Hail to the chief he's the one we all say hail to;
We all say hail 'cause he keeps himself so clean.
He's got the power, that's why he's in the shower.
Ted is sad, which is why I'm doing the mailbag today.

Follow the Pac-12 blog on Twitter and Ted will be happy again.

Thomas in Palo Alto, Calif. writes: You called Tyler Gaffney a game-changer. Isn't that hyperbole considering he's been away from football for a year?

Kevin Gemmell: If you want to get picky, I said he could be a game-changer. But just for the sake of argument, I'm willing to drop the "could" and predict that he will in fact be a game-changer. There is no other running back on the Stanford roster right now that has Gaffney's skill set. Anthony Wilkerson rivals him in experience, but Wilkerson is yet to make a big impact in his career. His carries, and thus his production, have declined every year, culminating with a career-low 50 carries for 224 yards (4.5 average) and just one touchdown in 2012. There were some injuries involved there, as well.

I'm guessing the two of them slug it out (along with several others) for the starting gig -- the winner getting 12 to 15 carries per game -- and the runner-up getting 8-12. A few more carries will be sprinkled in to change-of-pace backs to be determined and a few to the fullback. Remember, David Shaw prefers to use as many as four or five different backs during a game. So the "starter" might only have 10 carries.

And Gaffney could even be a stop-gap until Barry Sanders, Remound Wright or Ricky Seale is able to emerge as the go-to back. (Kelsey Young likely stays in the hybrid WR/RB role.) Gaffney is a bona fide playmaker who could very easily shoulder the offensive load for the Cardinal -- be it for an entire season or six games until a youngster gets it all figured out. Either way, it's win-win for a Stanford offense that could use some veteran seasoning.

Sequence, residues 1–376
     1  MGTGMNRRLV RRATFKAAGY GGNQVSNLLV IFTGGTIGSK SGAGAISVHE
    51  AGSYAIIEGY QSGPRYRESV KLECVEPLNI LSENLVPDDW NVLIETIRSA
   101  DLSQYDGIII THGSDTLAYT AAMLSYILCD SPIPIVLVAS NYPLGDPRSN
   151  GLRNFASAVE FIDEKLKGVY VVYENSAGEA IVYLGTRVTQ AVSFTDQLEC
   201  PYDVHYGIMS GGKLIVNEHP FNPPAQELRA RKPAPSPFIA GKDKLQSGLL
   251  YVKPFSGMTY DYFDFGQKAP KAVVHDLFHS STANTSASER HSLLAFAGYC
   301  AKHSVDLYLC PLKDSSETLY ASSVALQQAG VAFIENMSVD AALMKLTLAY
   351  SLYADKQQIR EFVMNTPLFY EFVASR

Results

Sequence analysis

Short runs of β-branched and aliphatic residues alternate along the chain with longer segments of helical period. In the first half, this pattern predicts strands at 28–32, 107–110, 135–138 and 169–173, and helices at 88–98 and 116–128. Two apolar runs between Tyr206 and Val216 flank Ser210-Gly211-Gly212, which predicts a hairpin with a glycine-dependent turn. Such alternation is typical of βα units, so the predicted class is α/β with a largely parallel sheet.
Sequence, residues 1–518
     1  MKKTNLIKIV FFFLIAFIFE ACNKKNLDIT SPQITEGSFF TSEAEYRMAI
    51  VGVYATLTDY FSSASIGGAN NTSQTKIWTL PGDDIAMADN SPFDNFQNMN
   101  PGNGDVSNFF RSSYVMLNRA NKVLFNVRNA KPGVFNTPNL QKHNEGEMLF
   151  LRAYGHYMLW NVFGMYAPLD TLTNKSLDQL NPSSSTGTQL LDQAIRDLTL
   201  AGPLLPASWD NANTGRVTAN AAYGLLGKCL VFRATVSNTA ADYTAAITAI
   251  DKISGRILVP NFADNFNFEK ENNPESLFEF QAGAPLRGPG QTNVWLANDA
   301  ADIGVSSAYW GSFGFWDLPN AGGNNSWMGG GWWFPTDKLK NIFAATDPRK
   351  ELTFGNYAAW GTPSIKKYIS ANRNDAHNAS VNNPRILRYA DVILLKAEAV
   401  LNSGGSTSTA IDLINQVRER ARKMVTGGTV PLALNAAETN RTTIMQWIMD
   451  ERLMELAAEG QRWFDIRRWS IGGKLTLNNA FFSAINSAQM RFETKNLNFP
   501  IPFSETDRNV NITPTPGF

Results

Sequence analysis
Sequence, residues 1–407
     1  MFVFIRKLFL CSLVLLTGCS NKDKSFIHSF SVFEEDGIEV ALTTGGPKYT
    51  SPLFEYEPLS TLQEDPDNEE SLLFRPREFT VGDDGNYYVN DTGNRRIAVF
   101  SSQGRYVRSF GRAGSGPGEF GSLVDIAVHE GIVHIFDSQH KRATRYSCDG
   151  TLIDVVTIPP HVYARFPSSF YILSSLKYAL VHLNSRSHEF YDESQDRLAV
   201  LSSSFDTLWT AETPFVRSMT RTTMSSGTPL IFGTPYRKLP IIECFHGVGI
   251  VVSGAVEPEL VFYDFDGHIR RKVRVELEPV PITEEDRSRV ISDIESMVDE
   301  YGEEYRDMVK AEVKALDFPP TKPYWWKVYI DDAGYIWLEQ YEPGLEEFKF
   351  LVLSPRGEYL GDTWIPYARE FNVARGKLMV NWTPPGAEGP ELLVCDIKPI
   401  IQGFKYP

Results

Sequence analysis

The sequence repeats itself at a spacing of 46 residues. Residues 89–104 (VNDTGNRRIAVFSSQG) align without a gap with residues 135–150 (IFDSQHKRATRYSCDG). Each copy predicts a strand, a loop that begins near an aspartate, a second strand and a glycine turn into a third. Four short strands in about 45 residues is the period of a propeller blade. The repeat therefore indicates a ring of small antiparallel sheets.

Ryan in New York writes: USC signed 13 guys. UCLA [24]. How can you even compare the two? It's absolutely [stupid]. Is it all about numbers? USC had more Top 150 and 300 guys. So it's about quantity? Keep hating [Lane] Kiffin. And remind me the last time UCLA played in a BCS bowl? Or better yet, won a Rose Bowl? Stanford has won seven, UCLA five. USC 24. No contest. You guys are so brutal it hurts. Peace.

Kevin Gemmell: OK, you sort of went in a lot of different directions here. Let's try to narrow the scope and start with recruiting. I'm not sure if you're referring to a specific article, or just the rankings in general, but I'm pretty sure the recruiting classes of UCLA and USC are comparable in terms of talent. If you're griping about the rankings -- it's not just the ESPN group that has UCLA's class ranked No. 1 in the conference. It's pretty consensus.

No, it's not just quantity -- because Arizona, ASU, Utah and Washington State all had larger classes. But UCLA had comparable quality to go with its quantity. USC had nine ESPN 150 guys, 12 ESPN 300 guys and all 13 were 4-star players. Anyone who doesn't think that's not an outstanding class is silly. Because it is.

UCLA had six ESPN 150, 10 ESPN 300 and 12 four-stars. But they also added 12 guys behind the 12 four-stars -- meaning UCLA has wiggle room with this class that adds depth and maybe one of those highly-ranked three-stars like Myles Jack (a four-star per Rivals and Scout) develops into an all-conference player. USC can't afford to swing-and-miss on its recruits, because depth is going to be an issue. As you yourself pointed out in last week's mailbag, USC couldn't go for the "low hanging fruit." That's where quantity comes into play and that's why the Bruins get the nod for top recruiting class.